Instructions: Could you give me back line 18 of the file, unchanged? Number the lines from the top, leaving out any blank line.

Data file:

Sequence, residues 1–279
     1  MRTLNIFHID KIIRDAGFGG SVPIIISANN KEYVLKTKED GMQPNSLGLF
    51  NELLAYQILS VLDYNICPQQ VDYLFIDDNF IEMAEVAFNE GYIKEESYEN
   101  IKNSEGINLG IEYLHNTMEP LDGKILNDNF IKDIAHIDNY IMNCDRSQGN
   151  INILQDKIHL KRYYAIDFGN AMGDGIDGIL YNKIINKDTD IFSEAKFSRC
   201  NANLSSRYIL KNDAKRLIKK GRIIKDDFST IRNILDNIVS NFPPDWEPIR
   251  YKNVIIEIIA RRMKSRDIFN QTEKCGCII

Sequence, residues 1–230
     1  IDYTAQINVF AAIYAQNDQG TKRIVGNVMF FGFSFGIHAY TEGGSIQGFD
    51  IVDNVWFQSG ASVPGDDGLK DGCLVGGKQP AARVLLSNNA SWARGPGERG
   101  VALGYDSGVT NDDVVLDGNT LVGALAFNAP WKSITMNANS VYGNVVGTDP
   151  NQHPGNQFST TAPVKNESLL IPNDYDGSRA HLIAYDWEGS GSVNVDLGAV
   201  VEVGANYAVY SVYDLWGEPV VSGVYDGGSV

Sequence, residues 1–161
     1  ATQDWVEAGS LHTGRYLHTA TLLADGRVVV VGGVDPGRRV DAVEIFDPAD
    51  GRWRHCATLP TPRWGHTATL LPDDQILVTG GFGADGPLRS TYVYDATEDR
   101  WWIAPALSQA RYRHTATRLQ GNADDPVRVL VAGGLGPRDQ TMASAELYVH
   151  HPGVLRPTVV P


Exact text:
   151  HPGVLRPTVV P